• Food is not unlimited on the local level, and each individual can make a carrier by being promoted to a higher position. And if humans are unreliable, the higher command may design measures to motivate their better or control by other means like implants or replace humans with software etc. – Anixx Nov 5 '14 at 13:40
• It would require a strong motivation like a deep faith or similar to give those people's lives a meaning. – TwoThe Nov 5 '14 at 15:58

After long session on chat, I decided to put answer together to hopefully satisfy you:

Local point, local time

would remind my favourite comic Gone with the Blastwave: You are on incredibly big war field, you dont necessarily remember why you fight the enemy, but you are red, they are blue, which makes them enemy, so you kill any blue solider you can see.

If you allow feelings to your creatures, it is possible that after some time, they will consider themselves pointless and happily kill self for some war advantage

Global point global time

It is pointless: after some level of "focusing out" the border never changes, no matter what opposing sides try to get upper hand. The advance will be only "marginal" considering the whole war field is infinite. The "border" would probably look like fractal, which would be changing in time, but overall staying almost on the same place when zooming far enough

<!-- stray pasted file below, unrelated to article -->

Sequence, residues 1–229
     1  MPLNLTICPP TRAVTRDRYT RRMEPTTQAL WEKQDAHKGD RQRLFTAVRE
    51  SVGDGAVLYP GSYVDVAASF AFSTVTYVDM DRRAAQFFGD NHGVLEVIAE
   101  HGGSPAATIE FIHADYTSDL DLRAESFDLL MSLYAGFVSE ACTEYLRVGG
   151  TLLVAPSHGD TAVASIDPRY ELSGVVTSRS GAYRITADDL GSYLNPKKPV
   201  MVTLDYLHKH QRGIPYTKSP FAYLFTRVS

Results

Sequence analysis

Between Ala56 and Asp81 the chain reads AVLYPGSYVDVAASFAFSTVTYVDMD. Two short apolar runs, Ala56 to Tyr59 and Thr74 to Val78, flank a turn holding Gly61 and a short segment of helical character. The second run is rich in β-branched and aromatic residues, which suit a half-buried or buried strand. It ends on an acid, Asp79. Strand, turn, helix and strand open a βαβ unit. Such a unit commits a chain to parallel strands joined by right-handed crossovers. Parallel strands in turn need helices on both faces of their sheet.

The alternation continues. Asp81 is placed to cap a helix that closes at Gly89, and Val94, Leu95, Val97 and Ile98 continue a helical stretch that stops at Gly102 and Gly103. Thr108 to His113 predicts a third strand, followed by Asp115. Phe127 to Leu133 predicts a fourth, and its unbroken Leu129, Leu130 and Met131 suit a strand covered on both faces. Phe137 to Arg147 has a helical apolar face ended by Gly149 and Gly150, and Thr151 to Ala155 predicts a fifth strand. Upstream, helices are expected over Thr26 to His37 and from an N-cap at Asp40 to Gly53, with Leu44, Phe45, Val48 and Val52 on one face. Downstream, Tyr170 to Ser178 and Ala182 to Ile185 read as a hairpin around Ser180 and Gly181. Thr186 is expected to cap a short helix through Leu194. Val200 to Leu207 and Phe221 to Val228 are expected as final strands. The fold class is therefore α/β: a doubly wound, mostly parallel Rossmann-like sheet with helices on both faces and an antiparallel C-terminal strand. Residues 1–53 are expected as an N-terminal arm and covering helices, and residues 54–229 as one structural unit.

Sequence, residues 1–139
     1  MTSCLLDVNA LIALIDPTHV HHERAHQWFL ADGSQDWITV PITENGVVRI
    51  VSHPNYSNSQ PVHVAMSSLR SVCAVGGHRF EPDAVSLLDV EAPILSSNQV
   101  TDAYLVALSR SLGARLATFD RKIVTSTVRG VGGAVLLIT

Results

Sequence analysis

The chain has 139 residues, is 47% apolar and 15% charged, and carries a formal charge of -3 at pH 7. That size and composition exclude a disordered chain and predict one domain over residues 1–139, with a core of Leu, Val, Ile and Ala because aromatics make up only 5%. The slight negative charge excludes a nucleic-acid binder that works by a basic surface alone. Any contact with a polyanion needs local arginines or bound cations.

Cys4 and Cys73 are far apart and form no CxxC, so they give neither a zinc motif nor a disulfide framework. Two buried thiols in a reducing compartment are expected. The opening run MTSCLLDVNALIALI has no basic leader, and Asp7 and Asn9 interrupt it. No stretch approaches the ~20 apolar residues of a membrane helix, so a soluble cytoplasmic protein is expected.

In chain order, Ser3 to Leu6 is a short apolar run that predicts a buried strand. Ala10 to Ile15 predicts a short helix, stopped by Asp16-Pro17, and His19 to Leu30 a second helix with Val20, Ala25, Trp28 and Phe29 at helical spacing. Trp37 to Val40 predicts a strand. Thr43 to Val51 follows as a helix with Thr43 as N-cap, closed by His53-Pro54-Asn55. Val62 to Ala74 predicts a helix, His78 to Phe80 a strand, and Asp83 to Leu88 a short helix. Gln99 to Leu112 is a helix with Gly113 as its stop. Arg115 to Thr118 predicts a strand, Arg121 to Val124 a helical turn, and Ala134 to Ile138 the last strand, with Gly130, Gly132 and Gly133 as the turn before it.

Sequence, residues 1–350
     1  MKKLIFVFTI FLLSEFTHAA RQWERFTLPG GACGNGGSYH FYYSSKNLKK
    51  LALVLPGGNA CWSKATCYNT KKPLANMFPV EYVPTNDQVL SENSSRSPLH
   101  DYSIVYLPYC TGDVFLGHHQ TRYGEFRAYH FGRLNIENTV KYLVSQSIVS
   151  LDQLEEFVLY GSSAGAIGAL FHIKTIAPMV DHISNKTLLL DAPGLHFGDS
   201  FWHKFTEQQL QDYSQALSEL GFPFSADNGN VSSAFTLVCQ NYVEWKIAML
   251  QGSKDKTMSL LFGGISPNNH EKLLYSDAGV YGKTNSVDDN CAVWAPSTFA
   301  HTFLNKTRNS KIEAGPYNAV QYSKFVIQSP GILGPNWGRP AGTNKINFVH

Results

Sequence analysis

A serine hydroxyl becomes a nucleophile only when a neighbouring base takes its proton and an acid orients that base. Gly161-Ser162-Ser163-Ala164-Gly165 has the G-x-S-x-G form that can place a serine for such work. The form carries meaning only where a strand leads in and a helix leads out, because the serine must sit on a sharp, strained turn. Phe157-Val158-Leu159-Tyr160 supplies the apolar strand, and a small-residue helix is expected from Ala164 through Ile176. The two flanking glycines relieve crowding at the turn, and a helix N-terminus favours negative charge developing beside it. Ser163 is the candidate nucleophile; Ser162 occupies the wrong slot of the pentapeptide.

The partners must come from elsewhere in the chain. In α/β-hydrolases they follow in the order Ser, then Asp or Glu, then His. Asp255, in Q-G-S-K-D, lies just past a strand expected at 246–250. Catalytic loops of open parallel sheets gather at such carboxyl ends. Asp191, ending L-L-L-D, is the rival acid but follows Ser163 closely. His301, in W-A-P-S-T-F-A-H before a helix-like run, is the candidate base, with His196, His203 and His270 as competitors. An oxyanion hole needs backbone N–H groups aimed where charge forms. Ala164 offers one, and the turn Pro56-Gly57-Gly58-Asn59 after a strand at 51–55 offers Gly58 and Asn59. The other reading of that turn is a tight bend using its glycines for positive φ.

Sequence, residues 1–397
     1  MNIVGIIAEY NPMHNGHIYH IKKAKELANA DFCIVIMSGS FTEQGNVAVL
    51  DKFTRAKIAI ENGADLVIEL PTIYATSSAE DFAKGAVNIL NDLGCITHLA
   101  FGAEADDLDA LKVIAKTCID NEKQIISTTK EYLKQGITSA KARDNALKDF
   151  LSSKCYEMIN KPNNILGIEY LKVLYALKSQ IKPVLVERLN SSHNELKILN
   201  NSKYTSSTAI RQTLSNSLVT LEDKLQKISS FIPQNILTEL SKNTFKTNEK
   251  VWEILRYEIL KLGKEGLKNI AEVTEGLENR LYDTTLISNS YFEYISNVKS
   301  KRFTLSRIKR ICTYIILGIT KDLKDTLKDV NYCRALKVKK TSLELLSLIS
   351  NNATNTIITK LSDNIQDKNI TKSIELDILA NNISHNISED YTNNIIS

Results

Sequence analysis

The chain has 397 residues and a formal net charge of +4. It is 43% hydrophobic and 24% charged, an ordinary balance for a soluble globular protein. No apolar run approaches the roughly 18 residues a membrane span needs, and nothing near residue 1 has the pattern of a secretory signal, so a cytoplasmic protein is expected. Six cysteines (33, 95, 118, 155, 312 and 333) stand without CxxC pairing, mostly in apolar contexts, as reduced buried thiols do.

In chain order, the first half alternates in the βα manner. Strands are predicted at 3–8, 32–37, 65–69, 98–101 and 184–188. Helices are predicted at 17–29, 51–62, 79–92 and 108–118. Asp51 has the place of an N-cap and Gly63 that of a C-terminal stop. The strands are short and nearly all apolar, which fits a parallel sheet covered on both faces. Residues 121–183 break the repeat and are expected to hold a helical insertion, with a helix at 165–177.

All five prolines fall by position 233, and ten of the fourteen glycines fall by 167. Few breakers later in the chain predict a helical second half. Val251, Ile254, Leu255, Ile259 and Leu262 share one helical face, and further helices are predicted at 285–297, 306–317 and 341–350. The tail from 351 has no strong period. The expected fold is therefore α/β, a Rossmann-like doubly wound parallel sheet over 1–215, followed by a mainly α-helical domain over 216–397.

# A strange game. The only winning move is not to play.

In this scenario, if one empire has not already won, then neither of them are ever going to win (barring outside influence). They are perfectly balanced in all aspects, since even a infinitesimal difference would lead to victory once an infinite amount of resources are put behind it.

With an infinite amount of resources/knowledge, an empire would realize the futility of future combat (especially since they have all the resources they could ever want).

• There is no supreme command of each empire, and each local commander has superiors. And his resources are limited. Even if do not want to fight, this does not change the entire scene. – Anixx Nov 5 '14 at 15:22
• @Anixx - And who are their superiors' superiors (and so on)? Someone is running the show, or else it's not two empires fighting but a mishmash of different smaller states that (for some inexplicable reason) never change alliances. – Telastyn Nov 5 '14 at 15:46
• they are hierarchical. But the command chain is infinite, each commander has a superior. – Anixx Nov 5 '14 at 15:48